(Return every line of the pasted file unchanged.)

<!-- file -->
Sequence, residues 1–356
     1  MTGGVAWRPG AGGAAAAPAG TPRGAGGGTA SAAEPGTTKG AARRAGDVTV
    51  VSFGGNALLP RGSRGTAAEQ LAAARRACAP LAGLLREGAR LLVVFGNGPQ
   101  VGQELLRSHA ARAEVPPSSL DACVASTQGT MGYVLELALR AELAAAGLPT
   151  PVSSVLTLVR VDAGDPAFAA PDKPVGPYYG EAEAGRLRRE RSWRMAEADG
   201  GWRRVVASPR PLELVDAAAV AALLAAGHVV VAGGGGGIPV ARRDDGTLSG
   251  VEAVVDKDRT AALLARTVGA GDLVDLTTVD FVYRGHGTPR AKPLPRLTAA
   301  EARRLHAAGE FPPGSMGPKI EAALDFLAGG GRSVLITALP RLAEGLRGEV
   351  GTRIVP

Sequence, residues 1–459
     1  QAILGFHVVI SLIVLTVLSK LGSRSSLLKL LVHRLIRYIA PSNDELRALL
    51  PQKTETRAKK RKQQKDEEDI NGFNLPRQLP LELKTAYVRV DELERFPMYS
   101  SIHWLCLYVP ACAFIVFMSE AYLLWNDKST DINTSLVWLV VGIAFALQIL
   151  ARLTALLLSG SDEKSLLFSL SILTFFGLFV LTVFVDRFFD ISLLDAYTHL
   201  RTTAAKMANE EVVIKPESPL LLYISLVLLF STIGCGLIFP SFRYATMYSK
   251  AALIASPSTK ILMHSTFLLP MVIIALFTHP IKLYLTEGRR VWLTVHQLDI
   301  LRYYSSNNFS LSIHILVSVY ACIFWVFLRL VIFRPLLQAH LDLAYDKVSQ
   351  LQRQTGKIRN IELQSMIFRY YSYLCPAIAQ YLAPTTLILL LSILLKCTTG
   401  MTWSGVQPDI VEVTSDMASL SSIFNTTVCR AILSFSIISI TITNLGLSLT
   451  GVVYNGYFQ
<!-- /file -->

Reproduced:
Sequence, residues 1–356
     1  MTGGVAWRPG AGGAAAAPAG TPRGAGGGTA SAAEPGTTKG AARRAGDVTV
    51  VSFGGNALLP RGSRGTAAEQ LAAARRACAP LAGLLREGAR LLVVFGNGPQ
   101  VGQELLRSHA ARAEVPPSSL DACVASTQGT MGYVLELALR AELAAAGLPT
   151  PVSSVLTLVR VDAGDPAFAA PDKPVGPYYG EAEAGRLRRE RSWRMAEADG
   201  GWRRVVASPR PLELVDAAAV AALLAAGHVV VAGGGGGIPV ARRDDGTLSG
   251  VEAVVDKDRT AALLARTVGA GDLVDLTTVD FVYRGHGTPR AKPLPRLTAA
   301  EARRLHAAGE FPPGSMGPKI EAALDFLAGG GRSVLITALP RLAEGLRGEV
   351  GTRIVP

Sequence, residues 1–459
     1  QAILGFHVVI SLIVLTVLSK LGSRSSLLKL LVHRLIRYIA PSNDELRALL
    51  PQKTETRAKK RKQQKDEEDI NGFNLPRQLP LELKTAYVRV DELERFPMYS
   101  SIHWLCLYVP ACAFIVFMSE AYLLWNDKST DINTSLVWLV VGIAFALQIL
   151  ARLTALLLSG SDEKSLLFSL SILTFFGLFV LTVFVDRFFD ISLLDAYTHL
   201  RTTAAKMANE EVVIKPESPL LLYISLVLLF STIGCGLIFP SFRYATMYSK
   251  AALIASPSTK ILMHSTFLLP MVIIALFTHP IKLYLTEGRR VWLTVHQLDI
   301  LRYYSSNNFS LSIHILVSVY ACIFWVFLRL VIFRPLLQAH LDLAYDKVSQ
   351  LQRQTGKIRN IELQSMIFRY YSYLCPAIAQ YLAPTTLILL LSILLKCTTG
   401  MTWSGVQPDI VEVTSDMASL SSIFNTTVCR AILSFSIISI TITNLGLSLT
   451  GVVYNGYFQ